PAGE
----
Researchers have reported on a rare Salmonella serotype that caused an outbreak in Australia from 2017 to 2018.

Salmonella Hessarek was responsible for 25 infections in South Australia between March 2017 to July 2018 linked to one unnamed brand of eggs which are produced and predominantly sold in the state.

The team said any substantial changes in the epidemiology of egg-associated Salmonella needs to be considered in future risk assessments and reviews of regulation.

From Jan. 1, 2012, to Dec. 31, 2016, there were 96 notifications of Salmonella Hessarek nationally. Of these, 52 were for residents of South Australia.

Past clusters of Salmonella Hessarek infection in South Australia involved illness linked to eggs; in 2014, an investigation of eight cases found seven of them consumed chicken and six ate eggs with three having free-range eggs from the same brand as the 2017-2018 outbreak and, in January 2016, a probe of six cases found four ate eggs, with one reporting consumption of these same branded eggs and another purchase from an unknown make in the region where this brand of eggs are produced.

Outbreak investigation

The South Australian Communicable Disease Control Branch (CDCB) saw an increase in Salmonella Hessarek notifications around mid-2014. Between November 2016 and February 2017, two to six cases per month were recorded amongst a total of 136 Salmonella monthly notifications.

In March 2017, CDCB became aware of five Salmonella Hessarek cases in the three weeks since the start of the month and started an investigation to identify any common cause of illness and prevent further cases.

The age of the 25 people involved ranged from 1 to 91 years old with nine cases aged 71 years or older. Fifteen patients were male and ten female. Twenty-one lived in metropolitan Adelaide and four were non-metropolitan residents. Ten were hospitalized and two other infections were in pregnant women.

Twenty-four people reported eating eggs; 17 were known to have consumed one brand of free-range eggs while another type was named by three cases.

Based on responses from seven people interviewed, the SA Health Food and Controlled Drugs Branch (FCDB) did retail sampling of the brand of free-range eggs.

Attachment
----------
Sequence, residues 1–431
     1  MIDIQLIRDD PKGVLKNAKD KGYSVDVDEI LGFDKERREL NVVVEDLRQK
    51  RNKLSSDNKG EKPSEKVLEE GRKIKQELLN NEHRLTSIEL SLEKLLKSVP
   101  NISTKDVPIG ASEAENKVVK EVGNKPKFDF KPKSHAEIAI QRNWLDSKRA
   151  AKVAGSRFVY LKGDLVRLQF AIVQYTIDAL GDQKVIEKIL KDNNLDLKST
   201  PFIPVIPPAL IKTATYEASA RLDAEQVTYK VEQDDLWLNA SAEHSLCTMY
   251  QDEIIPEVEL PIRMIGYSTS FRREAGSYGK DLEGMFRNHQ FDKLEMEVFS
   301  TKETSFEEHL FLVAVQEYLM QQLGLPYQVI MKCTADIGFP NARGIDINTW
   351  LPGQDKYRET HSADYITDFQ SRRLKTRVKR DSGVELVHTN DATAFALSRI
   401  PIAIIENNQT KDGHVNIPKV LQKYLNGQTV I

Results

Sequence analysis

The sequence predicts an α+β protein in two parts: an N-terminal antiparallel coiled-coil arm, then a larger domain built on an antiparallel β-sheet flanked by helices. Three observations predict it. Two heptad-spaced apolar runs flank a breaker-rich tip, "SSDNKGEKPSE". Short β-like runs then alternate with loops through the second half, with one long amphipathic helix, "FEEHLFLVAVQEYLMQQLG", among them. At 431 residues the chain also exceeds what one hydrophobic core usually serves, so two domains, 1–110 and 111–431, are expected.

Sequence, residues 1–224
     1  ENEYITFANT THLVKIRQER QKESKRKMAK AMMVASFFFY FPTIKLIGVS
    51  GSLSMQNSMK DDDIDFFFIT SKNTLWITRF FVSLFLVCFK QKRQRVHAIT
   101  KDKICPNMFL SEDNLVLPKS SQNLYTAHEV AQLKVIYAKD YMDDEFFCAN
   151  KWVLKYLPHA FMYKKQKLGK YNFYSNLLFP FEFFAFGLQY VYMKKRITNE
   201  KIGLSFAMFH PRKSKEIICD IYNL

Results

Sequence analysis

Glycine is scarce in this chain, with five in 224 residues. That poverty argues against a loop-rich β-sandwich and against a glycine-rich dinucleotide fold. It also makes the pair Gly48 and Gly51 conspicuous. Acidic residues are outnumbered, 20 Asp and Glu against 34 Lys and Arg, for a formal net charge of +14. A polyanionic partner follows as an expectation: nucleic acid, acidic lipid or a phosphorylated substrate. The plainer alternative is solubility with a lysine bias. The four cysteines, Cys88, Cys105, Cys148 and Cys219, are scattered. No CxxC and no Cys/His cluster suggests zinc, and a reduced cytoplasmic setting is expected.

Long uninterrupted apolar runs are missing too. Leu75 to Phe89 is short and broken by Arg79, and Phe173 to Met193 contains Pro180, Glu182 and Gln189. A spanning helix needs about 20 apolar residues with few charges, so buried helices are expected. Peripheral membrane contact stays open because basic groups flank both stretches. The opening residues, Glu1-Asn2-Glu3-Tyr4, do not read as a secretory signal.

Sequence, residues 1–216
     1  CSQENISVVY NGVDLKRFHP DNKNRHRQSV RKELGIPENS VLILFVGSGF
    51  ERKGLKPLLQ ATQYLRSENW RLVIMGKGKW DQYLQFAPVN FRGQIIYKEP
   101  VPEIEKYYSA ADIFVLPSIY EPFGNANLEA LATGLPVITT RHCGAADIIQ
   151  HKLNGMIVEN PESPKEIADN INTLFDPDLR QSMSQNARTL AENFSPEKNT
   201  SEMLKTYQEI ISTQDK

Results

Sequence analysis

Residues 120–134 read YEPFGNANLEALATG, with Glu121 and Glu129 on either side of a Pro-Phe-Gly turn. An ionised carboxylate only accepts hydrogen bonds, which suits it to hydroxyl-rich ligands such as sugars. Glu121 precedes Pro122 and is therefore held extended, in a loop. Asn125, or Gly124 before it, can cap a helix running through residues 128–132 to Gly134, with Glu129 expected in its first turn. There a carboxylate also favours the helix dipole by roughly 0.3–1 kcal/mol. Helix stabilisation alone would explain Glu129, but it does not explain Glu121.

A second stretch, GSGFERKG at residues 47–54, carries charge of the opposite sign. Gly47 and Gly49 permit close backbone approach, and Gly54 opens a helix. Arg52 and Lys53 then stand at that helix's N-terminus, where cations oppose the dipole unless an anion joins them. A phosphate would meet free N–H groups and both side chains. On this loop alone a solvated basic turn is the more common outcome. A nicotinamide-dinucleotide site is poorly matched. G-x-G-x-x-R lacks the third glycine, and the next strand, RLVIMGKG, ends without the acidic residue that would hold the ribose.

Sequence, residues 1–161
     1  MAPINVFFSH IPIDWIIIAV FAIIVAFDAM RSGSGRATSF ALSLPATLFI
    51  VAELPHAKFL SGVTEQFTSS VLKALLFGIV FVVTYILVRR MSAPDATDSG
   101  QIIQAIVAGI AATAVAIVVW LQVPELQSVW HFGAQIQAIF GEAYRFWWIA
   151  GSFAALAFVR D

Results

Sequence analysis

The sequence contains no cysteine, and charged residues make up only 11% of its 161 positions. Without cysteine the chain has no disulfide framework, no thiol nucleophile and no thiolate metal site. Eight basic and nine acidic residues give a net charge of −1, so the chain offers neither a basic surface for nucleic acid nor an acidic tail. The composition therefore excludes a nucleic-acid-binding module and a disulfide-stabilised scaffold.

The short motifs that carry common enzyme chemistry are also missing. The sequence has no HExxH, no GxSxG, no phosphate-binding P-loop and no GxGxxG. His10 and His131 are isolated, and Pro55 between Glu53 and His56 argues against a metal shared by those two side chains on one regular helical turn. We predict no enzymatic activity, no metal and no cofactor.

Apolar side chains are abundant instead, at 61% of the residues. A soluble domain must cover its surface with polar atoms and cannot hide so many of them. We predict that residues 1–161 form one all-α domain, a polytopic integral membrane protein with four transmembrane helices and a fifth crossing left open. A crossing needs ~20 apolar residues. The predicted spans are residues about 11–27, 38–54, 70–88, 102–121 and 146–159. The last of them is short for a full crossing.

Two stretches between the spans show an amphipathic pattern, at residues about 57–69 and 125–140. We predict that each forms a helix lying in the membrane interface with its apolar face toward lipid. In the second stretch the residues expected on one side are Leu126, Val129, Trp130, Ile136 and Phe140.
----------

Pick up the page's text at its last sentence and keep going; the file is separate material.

One of four samples was positive for Salmonella Hessarek in contents of the eggs. Salmonella was not present in any whole egg rinses of the egg samples. FCDB found Salmonella Hessarek had been isolated from the content of this brand of eggs but not the whole egg rinse during a retail food survey in 2014.

Salmonella control

Researchers said the proportion of people reporting eating this one brand of free-range eggs and isolation of Salmonella Hessarek from sampling four dozen eggs of the brand was an “unusually strong signal” implicating them as the outbreak source.

“The ongoing nature of this outbreak reflects the difficulty in controlling Salmonella infection in free range laying flocks. Brand X eggs are produced on a free-range farm and birds raised in free range production systems are potentially exposed to different environmental stressors than caged birds, including social stress and aggression, predation, or thermal challenges with stress known to be a determinant of shedding of Salmonella. Additionally, the control of rodents and other potentially infected animals and environments is challenging on free-range farms.”

Egg washing with sanitizers is a common method to reduce eggshell contamination in Australia, Japan, and the United States but is banned in the European Union.

Eggs were cooked in a variety of ways including fried, boiled, scrambled, poached, as omelette and in Béchamel sauce. Seven cases consumed raw egg in smoothies, raw cake batter and one sucked raw eggs.

Salmonella and eggs in Western Australia

Meanwhile, a separate study has looked at the prevalence, serovar diversity, multilocus sequence types, and antimicrobial resistance of Salmonella contamination in retail eggs produced and sold in Western Australia.

“In recent years, the number of human salmonellosis cases in Western Australia (WA) has increased more dramatically than in any other Australian state. In 2017, the number of cases in WA was more than double the five-year average, and eggs had emerged as the key culprit for several Salmonella foodborne disease outbreaks,” according to the study published in the International Journal of Food Microbiology.

A total of 200 visually clean and intact retail samples each containing a dozen eggs were purchased in 2017 and 2018 from supermarkets in Perth.

Salmonella was detected in 23 of them. It was isolated from nine and six eggshells and egg contents, respectively. In eight samples, Salmonella was recovered from eggshell and egg contents. Salmonella Typhimurium and Salmonella Infantis were the only detected serovars.

Only two Salmonella Typhimurium isolates showed resistance to ampicillin. The others were susceptible to all 14 antimicrobials in the minimum inhibitory concentrations (MICs) testing panel.

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